1. The supplier training program documentation shall describe the training and certification program proposed to satisfy the requirements herein for the types of cables and harnesses to be made. This description shall include the following, as applicable: a. Qualifications of instructors. b. Procedures for training, including who will be trained and for what purpose, (e.g., operator, inspector). c. Lesson plan(s)/student standards. d. Hours of instruction. e. Procedures for certification and recertification. f. Procedures for recording training, recertification, and method of identifying/recalling trained personnel. g. Certification criteria. 2. Records of training and certification shall become part of the supplier's quality data and shall be retained for a minimum of 5 years. 3. Evidence of certification status, including limitations, shall be available in the work area. 5.6 Maintenance of Certification Status

1. Maintenance of certification for instructors, operators, and inspectors requires continuous proficiency. 2. Recertification of Level B instructors shall include the successful completion of retraining by a Level A NASA instructor. Recertification of operators and inspectors shall include successful completion of retraining by a Level A NASA instructor or a Level B supplier instructor. 3. Recertification shall be required when: a. Proficiency requirements herein are not met. (1) Instructors - proficiency unacceptable. (2) Operators - unsatisfactory quality of articles fabricated. (3) Inspectors - unsatisfactory quality of inspection. (4) Quality/quantitative data demonstrates a need for recertification. b. New fabrication or inspection techniques have been approved that require different skills.

5-3

NASA-STD-8739.4 February 1998 c. Work period interruption of greater than 6 months occurs. d. Two years has elapsed since last certification. 4. Certification shall be revoked when: a. Certificate holder fails recertification. b. Certificate holder fails to meet visual acuity requirements of paragraph 5.2. c. Employment is terminated. d. Supplier training program fails to meet requirements set forth herein or set forth otherwise in the contract. 5.7 Training Resources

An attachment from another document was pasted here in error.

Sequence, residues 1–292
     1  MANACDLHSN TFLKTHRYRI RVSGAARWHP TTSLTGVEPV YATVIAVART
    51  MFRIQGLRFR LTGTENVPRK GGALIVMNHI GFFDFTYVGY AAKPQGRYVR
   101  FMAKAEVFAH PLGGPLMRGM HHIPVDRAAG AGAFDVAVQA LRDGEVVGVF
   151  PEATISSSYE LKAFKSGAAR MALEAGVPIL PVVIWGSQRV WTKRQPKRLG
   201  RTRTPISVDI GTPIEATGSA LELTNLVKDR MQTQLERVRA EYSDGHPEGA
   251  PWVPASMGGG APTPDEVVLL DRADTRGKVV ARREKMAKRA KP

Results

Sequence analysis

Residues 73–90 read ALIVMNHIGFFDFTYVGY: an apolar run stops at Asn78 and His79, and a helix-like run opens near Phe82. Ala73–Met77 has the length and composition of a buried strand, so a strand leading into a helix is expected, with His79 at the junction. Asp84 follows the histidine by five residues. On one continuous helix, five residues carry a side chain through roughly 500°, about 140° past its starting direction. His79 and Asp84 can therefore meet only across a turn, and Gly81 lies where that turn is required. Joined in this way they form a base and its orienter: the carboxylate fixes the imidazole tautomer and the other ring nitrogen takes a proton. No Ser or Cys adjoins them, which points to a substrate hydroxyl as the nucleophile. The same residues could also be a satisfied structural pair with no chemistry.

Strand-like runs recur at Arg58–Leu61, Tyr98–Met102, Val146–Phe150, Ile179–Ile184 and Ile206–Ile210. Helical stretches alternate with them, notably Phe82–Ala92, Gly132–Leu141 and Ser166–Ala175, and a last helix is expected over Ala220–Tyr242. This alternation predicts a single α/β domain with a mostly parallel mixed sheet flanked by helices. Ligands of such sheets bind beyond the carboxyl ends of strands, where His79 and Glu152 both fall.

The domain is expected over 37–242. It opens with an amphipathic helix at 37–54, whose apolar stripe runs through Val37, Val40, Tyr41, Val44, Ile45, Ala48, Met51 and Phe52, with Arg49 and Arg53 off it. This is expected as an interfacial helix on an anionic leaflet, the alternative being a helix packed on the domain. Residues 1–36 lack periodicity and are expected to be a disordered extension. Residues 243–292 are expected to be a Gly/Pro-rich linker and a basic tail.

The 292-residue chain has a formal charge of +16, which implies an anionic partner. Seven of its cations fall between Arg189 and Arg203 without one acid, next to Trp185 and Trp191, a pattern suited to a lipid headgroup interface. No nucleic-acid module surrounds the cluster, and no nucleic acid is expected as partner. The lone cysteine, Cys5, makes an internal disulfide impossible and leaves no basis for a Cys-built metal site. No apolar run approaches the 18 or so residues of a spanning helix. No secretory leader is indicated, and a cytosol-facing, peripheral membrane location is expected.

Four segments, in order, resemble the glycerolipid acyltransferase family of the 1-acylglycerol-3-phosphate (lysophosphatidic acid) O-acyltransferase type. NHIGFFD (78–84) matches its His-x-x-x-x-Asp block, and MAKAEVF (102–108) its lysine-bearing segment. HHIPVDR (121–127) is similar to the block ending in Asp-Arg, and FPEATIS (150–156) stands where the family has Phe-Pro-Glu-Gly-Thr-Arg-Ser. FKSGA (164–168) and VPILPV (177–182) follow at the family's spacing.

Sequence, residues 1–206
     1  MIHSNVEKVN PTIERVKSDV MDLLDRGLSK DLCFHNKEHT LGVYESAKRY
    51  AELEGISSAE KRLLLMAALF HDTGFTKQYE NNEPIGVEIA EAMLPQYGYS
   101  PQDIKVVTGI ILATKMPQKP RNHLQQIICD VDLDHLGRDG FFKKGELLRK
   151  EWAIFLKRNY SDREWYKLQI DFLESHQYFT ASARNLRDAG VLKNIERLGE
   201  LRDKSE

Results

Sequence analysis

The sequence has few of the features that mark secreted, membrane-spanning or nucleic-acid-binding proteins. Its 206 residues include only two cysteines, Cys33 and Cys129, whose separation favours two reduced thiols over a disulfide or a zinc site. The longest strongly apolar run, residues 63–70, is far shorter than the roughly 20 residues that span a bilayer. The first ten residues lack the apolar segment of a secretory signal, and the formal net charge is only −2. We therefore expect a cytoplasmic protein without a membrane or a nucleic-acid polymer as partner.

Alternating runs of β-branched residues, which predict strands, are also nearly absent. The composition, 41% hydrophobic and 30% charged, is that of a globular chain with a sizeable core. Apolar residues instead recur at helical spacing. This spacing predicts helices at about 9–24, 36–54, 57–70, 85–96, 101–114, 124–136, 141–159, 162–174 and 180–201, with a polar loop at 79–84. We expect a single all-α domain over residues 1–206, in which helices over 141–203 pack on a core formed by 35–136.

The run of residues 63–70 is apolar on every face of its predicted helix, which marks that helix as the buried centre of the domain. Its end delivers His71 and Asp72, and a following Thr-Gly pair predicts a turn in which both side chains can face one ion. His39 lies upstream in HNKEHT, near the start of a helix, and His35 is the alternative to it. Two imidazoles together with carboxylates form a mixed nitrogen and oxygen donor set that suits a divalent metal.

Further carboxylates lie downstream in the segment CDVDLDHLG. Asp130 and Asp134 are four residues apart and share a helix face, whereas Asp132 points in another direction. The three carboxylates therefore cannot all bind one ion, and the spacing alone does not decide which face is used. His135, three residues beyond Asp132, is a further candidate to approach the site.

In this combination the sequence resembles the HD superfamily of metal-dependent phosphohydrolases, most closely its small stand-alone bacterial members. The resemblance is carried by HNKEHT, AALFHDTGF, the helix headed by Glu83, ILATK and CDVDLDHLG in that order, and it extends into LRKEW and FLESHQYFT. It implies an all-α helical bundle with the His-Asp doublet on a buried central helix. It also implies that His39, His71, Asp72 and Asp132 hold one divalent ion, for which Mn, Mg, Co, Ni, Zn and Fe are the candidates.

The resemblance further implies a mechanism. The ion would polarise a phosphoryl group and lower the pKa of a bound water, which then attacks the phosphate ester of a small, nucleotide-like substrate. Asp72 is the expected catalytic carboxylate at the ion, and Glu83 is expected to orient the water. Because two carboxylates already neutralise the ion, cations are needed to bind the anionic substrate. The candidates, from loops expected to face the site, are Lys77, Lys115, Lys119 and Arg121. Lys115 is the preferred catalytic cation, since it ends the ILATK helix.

1. Training of Level B instructors is available at either the Goddard Space Flight Center (GSFC) or Jet Propulsion Laboratory (JPL). The NASA Generic Crimping, Cabling, and Harnessing Training Plan will be supplied to instructors at the time of course completion. a. GSFC Training Center Code 300.1 Greenbelt, MD 20771 (301)731-8632 FAX (301)731-8628 b. JPL Training Center MS83-204 4800 Oak Grove Drive Pasadena, CA 91109 (818)354-6730 FAX (818)393-0090 2. Suppliers may train operator or inspector personnel in-house for certification or recertification utilizing certified instructors and approved training programs, or arrange for this training at one of the NASA-conducted schools. 3. A fee is required. Contact either training center for information.

5-4

NASA-STD-8739.4 February 1998

CHAPTER 6 - FACILITIES, EQUIPMENT, MATERIALS, AND PARTS


6.1 Facility Cleanliness

The work area shall be maintained in a clean and orderly condition. Smoking, eating, and drinking at individual work stations shall not be permitted. Nonessential tools and materials shall not be permitted at the work station. 6.2 Environmental Conditions

1. Controlled Environment. The cabling and wiring area shall have a controlled environment, which limits the entry of contamination. The temperature and humidity of this area shall be monitored, documented, and maintained within the limits defined as the comfort zone in Figure 6-1